|Recent CSI Headline|
CHARLESTON, W.V. & WASHINGTON, D.C.///September 25, 2008//If elected officials in Charleston and Washington, D.C. are going to continue to invest in energy through subsidies, tax breaks and other incentives, the focus should shift from coal and nuclear power to promoting wind and solar energy, enhanced energy efficiency, hybrids and other highly fuel-efficient cars, according to a new survey of 605 West Virginia adults conducted for CLEAN and the Civil Society Institute (CSI) by the leading U.S. survey firm Opinion Research Corporation (ORC). The CLEAN/CSI survey was released today with the Ohio Valley Environmental Coalition (OHVEC), Huntington, W.V.
Key CLEAN/Civil Society Institute (CSI) survey findings include the following:
Commenting on the findings, Janet Keating, executive director, Ohio Valley Environmental Coalition, Huntington, WV, said: "It's great to know that the majority of West Virginians are in step with the rest of the nation when it comes to energy and climate issues. Now is the time for our state-level and national political leaders to begin the transition to a new energy future based on clean, renewable sources like wind and solar."
Civil Society Institute President and Founder Pam Solo said: “West Virginia residents and other Americans deserve credit for understanding that more investment by the state and federal governments in coal and nuclear power is essentially the same thing as investing in subprime mortgages. If U.S. taxpayers are going to directly or indirectly underwrite energy development and energy-intensive industries – such as the auto industry – we need to insist that state officials in Charleston and the next Congress and President make good, solid investments that make sense for the long-term of our country. The only energy investments that rise above the ‘subprime’ level today are wind, solar and other clean renewable energy in concert with enhanced energy efficiency.”
Grant Smith, national project coordinator, CLEAN, said: “Investments in coal and nuclear power are the Countrywide Financial subprime mortgages of the energy world. What the public is saying in this survey is that we support government making investments in the energy sources of tomorrow, but we have to stop flushing money down the drain by propping up the failing energy sources of yesterday, including oil, coal and nuclear. It makes no sense to be making 50-year investments in new coal-fired power plants. Energy efficiency and renewable technologies already have overtaken, in many instances, or will soon overtake, in other instances, coal-fired power in terms of direct cost and are far superior in terms of financial risk, economic benefit, and the ability address global warming. There is no viable model under which new nuclear power plants can be constructed as anything other than multi-billion-dollar public works boondoggles. After the current financial debacle on Wall Street, it is hard to imagine that Americans are going to allow more dumb investments by Charleston and Washington on the wrong energy sources.”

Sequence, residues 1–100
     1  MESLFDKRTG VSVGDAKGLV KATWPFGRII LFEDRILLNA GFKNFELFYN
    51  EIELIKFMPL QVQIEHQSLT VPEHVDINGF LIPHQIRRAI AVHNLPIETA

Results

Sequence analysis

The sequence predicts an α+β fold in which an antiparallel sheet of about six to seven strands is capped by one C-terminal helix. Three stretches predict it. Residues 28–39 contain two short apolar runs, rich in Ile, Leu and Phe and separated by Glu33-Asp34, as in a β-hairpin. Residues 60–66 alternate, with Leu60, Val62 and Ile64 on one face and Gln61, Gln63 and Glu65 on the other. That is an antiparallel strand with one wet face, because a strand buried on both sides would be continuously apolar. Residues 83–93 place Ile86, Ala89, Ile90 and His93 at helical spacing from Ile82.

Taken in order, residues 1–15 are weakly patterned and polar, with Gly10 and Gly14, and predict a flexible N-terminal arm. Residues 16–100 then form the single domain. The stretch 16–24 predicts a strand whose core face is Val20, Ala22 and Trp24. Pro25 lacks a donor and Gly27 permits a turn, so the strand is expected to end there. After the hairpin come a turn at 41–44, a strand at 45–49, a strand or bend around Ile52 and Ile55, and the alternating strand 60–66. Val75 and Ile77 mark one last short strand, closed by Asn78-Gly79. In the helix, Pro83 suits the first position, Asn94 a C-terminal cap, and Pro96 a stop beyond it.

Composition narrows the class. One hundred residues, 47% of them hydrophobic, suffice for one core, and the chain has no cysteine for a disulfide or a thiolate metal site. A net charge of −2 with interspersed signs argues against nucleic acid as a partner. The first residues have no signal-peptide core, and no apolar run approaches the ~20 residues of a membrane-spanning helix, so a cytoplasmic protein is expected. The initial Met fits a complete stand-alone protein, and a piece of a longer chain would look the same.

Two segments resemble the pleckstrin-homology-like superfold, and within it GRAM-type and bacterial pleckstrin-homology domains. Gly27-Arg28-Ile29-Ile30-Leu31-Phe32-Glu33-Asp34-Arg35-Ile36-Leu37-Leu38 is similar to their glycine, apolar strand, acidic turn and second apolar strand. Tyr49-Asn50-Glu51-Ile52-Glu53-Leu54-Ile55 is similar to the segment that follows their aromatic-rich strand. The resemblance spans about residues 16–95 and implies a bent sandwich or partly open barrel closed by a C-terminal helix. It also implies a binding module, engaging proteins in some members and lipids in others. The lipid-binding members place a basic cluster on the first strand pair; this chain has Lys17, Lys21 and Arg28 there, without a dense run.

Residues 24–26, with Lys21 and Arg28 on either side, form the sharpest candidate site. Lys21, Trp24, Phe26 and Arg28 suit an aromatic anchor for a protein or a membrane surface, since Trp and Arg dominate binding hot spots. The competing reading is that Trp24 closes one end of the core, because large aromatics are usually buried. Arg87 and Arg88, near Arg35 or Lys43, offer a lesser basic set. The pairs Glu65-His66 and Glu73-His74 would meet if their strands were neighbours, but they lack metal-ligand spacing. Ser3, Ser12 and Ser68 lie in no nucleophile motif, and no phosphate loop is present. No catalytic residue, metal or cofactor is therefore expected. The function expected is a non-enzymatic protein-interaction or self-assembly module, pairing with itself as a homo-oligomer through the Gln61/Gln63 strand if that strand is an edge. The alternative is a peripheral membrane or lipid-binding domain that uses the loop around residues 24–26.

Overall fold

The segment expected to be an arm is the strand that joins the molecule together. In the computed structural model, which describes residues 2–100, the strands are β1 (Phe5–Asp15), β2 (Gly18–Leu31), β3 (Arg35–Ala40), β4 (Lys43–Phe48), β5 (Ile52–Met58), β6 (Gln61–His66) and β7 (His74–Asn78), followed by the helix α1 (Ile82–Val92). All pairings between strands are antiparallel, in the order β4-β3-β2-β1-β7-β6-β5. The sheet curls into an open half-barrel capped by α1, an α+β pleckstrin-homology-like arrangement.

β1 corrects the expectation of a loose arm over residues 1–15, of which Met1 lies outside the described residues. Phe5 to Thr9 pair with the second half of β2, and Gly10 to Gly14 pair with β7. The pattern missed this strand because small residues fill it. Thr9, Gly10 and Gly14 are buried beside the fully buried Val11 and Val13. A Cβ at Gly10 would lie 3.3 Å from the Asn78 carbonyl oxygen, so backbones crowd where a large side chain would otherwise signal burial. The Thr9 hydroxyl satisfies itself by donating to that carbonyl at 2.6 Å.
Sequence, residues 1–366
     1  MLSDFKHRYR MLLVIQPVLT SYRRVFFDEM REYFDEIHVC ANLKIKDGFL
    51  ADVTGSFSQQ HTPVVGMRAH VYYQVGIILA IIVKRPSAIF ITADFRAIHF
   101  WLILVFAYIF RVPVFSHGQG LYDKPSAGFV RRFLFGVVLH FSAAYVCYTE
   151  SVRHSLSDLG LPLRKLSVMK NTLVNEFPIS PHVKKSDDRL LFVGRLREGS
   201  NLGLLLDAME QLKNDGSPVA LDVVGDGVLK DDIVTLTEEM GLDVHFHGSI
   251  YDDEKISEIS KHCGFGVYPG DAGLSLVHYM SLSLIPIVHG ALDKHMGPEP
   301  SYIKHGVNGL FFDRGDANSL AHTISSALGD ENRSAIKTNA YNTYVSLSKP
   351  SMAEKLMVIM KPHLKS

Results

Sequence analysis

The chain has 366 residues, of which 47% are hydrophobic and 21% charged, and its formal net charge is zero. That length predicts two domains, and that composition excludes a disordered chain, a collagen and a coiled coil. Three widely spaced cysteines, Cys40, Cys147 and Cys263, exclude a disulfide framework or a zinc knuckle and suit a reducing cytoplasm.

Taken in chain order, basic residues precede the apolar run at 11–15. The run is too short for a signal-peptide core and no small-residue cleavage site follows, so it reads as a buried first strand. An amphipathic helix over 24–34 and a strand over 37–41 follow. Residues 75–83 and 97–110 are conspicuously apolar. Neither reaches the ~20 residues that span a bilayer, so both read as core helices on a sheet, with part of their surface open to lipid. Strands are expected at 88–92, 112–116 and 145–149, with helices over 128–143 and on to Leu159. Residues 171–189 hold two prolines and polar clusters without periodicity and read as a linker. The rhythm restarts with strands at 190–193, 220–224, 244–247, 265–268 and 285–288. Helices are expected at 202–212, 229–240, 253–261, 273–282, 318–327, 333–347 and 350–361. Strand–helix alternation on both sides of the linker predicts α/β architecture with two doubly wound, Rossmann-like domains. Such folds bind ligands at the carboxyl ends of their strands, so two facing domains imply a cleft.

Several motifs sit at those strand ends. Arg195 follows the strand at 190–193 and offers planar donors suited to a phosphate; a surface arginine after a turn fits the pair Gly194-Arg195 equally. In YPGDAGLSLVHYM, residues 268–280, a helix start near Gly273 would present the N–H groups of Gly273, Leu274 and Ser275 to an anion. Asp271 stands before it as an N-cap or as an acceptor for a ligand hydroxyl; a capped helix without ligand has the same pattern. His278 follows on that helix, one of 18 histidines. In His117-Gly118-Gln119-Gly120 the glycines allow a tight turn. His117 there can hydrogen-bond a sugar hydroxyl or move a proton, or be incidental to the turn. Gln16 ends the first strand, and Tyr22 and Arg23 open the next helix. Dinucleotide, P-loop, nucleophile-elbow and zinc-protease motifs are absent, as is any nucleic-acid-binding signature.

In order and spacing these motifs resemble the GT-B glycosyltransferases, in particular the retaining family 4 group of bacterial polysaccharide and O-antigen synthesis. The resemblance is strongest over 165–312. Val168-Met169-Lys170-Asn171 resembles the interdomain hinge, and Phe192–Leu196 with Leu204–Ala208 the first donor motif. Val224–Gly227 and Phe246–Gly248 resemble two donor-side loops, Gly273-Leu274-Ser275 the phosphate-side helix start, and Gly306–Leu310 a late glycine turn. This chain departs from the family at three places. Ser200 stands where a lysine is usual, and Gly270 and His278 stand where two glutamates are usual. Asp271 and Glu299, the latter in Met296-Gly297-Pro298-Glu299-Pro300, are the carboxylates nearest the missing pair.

Opinion Research Corporation Senior Researcher Graham Hueber said: “What we see in our survey work is that national and state-level attitudes about energy and climate action vary relatively little, even when you drill down into views of the coal state of West Virginia. In fact, in some respects, the residents of West Virginia are even more inclined than other Americans to look beyond coal and other carbon-based fuels to renewable energy sources.”
OTHER KEY FINDINGS
The CLEAN/Civil Society Institute survey conducted by Opinion Research Corporation also found the following about the views of West Virginia residents:
A halt to construction of new coal-fired power plants is supported by West Virginia residents. Nearly three out four respondents in West Virginia (71 percent) and 73 percent of Americans would support “a five-year moratorium on new coal-fired power plants in the United States if there was stepped-up investment in clean, safe renewable energy --such as wind and solar --and improved home energy-efficiency standards.”
Wind and solar are seen as the future of energy for America. In West Virginia, 64 percent of respondents see oil as a power source of yesterday. Only 44 percent think coal is an energy source of yesterday. This compares to more than two out of three Americans who now see coal (70 percent) and oil (67 percent) as the “power sources of yesterday.” By contrast, solar and wind are seen as “power sources of tomorrow” by 90 and 86 percent of those in West Virginia and 92 percent and 88 percent of Americans, respectively.